In the News
The Other Side of Domestic Abuse
Let’s try to keep the focus on the abuser’s problem instead of blaming the victim…
As I read reports that pop sensations Rihanna and Chris Brown may be reconciling, I can predict the reactions, especially if we ever see a repeat. As always, people will ask the same question everyone asks when domestic violence victims stay married or in relationships with abusers: Why doesn’t she leave him? Why is she still with him?
Wrong question. But I’ll address it first anyway.
There are a myriad of reasons that victims of domestic violence stay, I have learned over the years. In Rihanna’s case, she may feel in love with him and believe the violence will stop. While we don’t know what Chris Brown has said or done to make amends, abusers often apologize profusely, make promises and profess their love and devotion, convincing their victims they will change.
For other women, they may feel their religion prevents them from divorcing or they may not be able to financially afford to leave, especially if they have children. Often batterers have gained psychological and financial control, so a victim may feel trapped.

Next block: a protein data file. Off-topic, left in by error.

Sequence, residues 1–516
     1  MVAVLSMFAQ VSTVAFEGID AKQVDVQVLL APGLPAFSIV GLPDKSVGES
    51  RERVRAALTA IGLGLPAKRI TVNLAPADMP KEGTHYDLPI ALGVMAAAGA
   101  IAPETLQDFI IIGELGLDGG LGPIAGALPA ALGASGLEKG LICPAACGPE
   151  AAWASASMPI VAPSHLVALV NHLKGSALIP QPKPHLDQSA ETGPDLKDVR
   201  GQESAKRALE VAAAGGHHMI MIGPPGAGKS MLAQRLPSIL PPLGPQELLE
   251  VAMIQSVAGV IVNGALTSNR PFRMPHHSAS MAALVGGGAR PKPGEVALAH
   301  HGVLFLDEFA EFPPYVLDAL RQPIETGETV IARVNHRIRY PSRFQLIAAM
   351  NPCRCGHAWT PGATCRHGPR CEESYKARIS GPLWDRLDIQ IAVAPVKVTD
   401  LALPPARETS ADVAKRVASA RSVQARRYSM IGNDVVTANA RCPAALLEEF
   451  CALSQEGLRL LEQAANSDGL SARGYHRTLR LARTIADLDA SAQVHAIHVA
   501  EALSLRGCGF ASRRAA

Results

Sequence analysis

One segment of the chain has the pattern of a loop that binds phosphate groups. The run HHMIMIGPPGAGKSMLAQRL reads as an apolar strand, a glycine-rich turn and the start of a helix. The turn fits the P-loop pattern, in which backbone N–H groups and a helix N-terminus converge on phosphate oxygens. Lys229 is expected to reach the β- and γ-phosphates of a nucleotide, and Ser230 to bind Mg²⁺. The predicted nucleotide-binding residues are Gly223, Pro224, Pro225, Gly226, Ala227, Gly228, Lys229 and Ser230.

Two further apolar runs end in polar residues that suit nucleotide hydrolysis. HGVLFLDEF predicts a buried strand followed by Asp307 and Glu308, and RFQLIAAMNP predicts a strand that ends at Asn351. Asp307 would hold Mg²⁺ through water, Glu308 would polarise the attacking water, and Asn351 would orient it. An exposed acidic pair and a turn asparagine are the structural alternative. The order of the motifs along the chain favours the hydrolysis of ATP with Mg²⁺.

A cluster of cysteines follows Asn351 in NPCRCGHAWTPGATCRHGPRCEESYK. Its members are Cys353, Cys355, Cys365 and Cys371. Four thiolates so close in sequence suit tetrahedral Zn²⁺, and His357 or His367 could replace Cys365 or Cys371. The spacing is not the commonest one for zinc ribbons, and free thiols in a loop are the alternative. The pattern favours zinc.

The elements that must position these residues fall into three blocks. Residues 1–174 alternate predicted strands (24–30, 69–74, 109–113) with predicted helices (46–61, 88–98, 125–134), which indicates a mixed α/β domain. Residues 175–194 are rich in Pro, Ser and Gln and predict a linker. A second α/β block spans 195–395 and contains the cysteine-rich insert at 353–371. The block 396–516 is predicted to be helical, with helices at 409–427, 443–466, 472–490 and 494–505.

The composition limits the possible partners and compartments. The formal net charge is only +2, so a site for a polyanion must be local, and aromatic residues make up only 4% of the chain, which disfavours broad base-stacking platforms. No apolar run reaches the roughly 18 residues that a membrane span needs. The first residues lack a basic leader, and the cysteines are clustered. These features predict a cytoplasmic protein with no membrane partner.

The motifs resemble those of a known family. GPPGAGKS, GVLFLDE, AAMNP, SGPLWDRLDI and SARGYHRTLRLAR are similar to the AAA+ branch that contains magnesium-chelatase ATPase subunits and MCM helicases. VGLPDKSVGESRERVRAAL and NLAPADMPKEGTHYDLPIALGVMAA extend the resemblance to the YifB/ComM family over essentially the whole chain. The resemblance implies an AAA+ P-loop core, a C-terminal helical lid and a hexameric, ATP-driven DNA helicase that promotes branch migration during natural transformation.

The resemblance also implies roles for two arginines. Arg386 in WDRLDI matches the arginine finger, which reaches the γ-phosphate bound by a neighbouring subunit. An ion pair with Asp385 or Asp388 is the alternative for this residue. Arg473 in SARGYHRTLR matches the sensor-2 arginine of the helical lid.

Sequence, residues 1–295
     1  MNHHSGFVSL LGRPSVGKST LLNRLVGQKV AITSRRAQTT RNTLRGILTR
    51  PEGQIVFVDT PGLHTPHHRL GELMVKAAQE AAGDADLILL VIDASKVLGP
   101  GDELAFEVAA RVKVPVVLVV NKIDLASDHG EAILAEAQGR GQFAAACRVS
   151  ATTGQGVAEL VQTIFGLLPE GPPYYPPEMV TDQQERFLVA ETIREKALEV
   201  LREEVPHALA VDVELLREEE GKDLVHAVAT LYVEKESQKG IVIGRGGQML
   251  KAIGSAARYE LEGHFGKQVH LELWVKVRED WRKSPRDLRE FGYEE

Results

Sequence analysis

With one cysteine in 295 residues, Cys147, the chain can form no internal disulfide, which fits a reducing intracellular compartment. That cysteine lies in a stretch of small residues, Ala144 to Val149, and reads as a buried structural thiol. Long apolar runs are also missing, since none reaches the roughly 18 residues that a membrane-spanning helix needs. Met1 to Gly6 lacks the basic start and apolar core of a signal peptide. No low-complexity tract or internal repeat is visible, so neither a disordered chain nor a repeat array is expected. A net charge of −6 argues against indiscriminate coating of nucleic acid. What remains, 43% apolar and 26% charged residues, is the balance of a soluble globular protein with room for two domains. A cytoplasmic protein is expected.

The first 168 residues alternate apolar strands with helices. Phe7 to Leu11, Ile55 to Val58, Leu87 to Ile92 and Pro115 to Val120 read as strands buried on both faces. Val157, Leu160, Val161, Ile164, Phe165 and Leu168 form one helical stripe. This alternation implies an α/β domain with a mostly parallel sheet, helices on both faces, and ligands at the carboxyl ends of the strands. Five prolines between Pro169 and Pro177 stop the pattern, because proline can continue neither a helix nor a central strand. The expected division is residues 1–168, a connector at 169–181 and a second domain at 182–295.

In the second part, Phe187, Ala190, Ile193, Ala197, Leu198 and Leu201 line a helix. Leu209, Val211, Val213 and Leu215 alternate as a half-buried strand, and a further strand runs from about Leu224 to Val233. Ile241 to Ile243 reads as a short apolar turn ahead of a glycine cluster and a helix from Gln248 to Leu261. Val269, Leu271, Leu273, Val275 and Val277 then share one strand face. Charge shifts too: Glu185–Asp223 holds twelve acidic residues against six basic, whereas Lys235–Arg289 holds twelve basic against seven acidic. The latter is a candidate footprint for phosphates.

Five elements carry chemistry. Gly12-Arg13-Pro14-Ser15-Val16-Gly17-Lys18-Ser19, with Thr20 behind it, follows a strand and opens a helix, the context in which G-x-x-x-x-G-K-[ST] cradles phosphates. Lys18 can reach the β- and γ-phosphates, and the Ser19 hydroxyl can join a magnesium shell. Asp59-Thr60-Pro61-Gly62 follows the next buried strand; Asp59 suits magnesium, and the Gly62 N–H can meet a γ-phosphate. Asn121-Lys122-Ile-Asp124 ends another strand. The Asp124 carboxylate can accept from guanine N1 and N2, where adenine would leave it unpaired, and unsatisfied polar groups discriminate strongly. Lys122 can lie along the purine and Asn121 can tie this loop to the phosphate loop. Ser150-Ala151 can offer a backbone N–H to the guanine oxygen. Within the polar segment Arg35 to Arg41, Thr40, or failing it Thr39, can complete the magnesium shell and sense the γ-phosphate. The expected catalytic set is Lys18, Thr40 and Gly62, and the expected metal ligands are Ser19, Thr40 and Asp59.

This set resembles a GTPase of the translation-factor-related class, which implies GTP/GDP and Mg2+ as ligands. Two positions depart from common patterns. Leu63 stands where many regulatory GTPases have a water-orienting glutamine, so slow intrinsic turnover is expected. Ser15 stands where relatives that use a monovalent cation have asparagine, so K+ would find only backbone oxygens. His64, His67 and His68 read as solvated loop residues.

And many are. Women are often most at risk of losing their lives when they leave, so staying with an abuser may feel like the safest move.
In the big picture though, the very fact that we as a society focus on the victim’s behavior is another reason victims stay. We imply through our silence that male violence against women is normal. So it’s also a reason men (men are 99 percent of the abusers) continue to abuse women. By focusing our attention and judgment on the woman’s behavior, we fail to hold men accountable.
Domestic violence statistics will start to shift when our first question is What in the world is he thinking and what’s wrong with HIM? Just how much violence will we as women continue to accept until we decide our behavior isn’t the problem?
I predict that Chris Brown will continue to sell his records, live his pop-star life and get the message loud and clear from all of us that there are not real consequences for abusing women.
Violence against women is the number-one cause of injury for women in this country. Until we start demanding that men change their behavior, instead of wondering why this and why that about her, we as a society send the message to both men and women that the problem lies with the victim, not with the batterer.
Sherry Boyles, an attorney, is former Executive Director of the Texas Association Against Sexual Assault (TAASA). She is the founder and president of Texas-based SLB consulting.